Possibly even more encouraging than this holding, the Nassar opinion goes on to note that the heightened causation burden applicable to Title VII retaliation claims would also help to serve an important public policy, namely helping courts winnow out dubious retaliation claims (in the Court’s parlance, facilitating “the fair and responsible allocation of resources in the judicial and litigation systems”).  The Court noted the explosion of retaliation lawsuits in recent years, and specifically described the situation—unfortunately likely all too familiar to some employers—of the troubled employee facing discipline or termination who tries to manufacture a retaliation claim by invoking unrelated complaints of discrimination.  If the Court were to apply the lesser “a motivating factor” causation standard, it noted that it would be too easy for employees to file meritless retaliation claims and too hard for employers to get them dismissed before trial.  It is refreshing and welcome to see the U.S. Supreme Court showing such an appreciation and concern for the practical effects its legal interpretations can have.

Reach of Nassar Beyond Title VII Retaliation Claims Is Unclear

Alas, Nassar does not address or alter the more permissive “motivating factor” causation standard that is still applicable to regular discrimination claims under Section 2000e-2 of Title VII.  Also, because its analysis turns so heavily on the specific statutory structure of Title VII, it is not clear how applicable the reasoning will be with respect to other anti-retaliation statutes, such as, for example, Oregon’s state law provisions equivalent to Title VII: ORS 659A.030(1)(a) (relating to discrimination) and (1)(f) (relating to retaliation).  On the one hand, Supreme Court decisions on basic legal principles applicable to discrimination cases are often persuasive.  Also, those Oregon statutes use similar “because of” causation language as Title VII and have no express “motivating factor” language similar to 42 U.S.C. § 2000e-2(m), suggesting that the higher “but for” causation standard might apply.  Federal courts in Oregon may be particularly likely to analyze Oregon retaliation claims under the higher “but for” causation standard in Nassar, since Oregon District Courts typically apply the same legal standards to parallel discrimination claims under state and federal law.  On the other hand, some Oregon state courts have interpreted Oregon’s state anti-discrimination and anti-retaliation statutes to require that plaintiffs only show “substantial factor” causation, which is somewhere in between the permissive “motivating factor” and heightened “but for” causation.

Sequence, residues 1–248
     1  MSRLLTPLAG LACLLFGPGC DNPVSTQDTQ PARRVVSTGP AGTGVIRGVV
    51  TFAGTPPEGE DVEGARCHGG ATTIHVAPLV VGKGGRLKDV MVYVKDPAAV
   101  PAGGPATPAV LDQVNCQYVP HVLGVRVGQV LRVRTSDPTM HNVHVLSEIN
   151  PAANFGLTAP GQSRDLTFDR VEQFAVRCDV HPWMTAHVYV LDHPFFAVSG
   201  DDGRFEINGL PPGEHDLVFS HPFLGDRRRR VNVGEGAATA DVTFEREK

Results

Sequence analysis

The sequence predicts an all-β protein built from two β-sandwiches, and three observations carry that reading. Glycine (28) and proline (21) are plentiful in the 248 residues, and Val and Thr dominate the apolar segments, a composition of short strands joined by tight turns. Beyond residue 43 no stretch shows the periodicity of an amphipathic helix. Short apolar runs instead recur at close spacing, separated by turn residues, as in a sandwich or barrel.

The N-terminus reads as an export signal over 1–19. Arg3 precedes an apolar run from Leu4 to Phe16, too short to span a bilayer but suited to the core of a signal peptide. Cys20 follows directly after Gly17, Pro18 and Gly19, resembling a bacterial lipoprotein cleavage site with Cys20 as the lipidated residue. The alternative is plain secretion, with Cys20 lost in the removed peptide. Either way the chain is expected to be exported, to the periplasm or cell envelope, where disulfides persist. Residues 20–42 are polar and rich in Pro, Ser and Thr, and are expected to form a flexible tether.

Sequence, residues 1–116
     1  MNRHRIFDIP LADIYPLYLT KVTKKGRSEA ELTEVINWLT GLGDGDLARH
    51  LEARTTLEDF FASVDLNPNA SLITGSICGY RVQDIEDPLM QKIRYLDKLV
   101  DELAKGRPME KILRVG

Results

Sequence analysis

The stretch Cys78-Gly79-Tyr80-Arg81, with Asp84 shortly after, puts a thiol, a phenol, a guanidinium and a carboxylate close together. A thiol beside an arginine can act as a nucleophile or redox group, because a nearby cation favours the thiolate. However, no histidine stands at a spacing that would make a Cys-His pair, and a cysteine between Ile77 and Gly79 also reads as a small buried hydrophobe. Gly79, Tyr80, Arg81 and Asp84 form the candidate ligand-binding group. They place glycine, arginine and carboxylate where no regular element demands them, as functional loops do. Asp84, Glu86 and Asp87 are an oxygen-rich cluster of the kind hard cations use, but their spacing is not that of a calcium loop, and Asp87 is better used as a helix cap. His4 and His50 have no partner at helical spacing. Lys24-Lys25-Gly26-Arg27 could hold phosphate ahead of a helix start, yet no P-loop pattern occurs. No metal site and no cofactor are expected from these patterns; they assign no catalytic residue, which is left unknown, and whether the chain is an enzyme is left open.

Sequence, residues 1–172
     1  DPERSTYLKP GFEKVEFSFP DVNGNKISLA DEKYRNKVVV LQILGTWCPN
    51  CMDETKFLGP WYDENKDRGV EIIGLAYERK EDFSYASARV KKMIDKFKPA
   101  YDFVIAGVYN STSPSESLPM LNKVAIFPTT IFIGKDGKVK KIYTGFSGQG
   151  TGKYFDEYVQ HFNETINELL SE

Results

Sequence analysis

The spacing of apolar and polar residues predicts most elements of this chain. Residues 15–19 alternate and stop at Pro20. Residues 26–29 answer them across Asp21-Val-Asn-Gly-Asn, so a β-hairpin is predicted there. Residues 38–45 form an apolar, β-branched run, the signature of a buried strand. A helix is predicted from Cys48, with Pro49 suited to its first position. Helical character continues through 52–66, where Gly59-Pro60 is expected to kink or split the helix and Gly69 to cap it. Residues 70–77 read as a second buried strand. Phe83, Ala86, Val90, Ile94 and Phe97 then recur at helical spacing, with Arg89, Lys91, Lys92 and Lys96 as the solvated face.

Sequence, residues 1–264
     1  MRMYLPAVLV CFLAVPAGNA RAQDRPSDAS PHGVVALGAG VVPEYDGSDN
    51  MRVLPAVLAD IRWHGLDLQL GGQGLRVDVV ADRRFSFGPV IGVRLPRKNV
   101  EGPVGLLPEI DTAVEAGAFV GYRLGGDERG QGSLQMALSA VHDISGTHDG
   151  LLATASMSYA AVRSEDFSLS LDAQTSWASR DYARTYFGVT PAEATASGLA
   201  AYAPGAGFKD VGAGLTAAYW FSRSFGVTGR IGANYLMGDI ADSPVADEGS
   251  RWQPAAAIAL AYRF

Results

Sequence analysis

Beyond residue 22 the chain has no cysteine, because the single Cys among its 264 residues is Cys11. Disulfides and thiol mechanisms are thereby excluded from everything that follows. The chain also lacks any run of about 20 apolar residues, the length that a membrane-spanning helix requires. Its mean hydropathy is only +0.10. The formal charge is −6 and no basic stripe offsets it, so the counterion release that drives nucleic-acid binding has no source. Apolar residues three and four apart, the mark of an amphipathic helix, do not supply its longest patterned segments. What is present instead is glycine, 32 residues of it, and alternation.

At any rate, the Nassar decision at least will likely provide much-needed help to employers facing retaliation claims under Title VII, and possibly under other statutes as well.  Stay tuned later in the week when we turn our attention to the Supreme Court’s other big recent Title VII decision, Vance v. Ball State University.

DISCLAIMER: Because of the generality of this update, the information provided herein may not be applicable in all situations and should not be acted upon without specific legal advice based on particular situations.

© Stoel Rives LLP | Attorney Advertising

Written by:

Stoel Rives LLP

Stoel Rives LLP on:

Readers' Choice 2017
Reporters on Deadline

"My best business intelligence, in one easy email…"

Your first step to building a free, personalized, morning email brief covering pertinent authors and topics on JD Supra:
Sign up using*

Already signed up? Log in here

*By using the service, you signify your acceptance of JD Supra's Privacy Policy.
Custom Email Digest
Privacy Policy (Updated: October 8, 2015):

JD Supra provides users with access to its legal industry publishing services (the "Service") through its website (the "Website") as well as through other sources. Our policies with regard to data collection and use of personal information of users of the Service, regardless of the manner in which users access the Service, and visitors to the Website are set forth in this statement ("Policy"). By using the Service, you signify your acceptance of this Policy.

Information Collection and Use by JD Supra

JD Supra collects users' names, companies, titles, e-mail address and industry. JD Supra also tracks the pages that users visit, logs IP addresses and aggregates non-personally identifiable user data and browser type. This data is gathered using cookies and other technologies.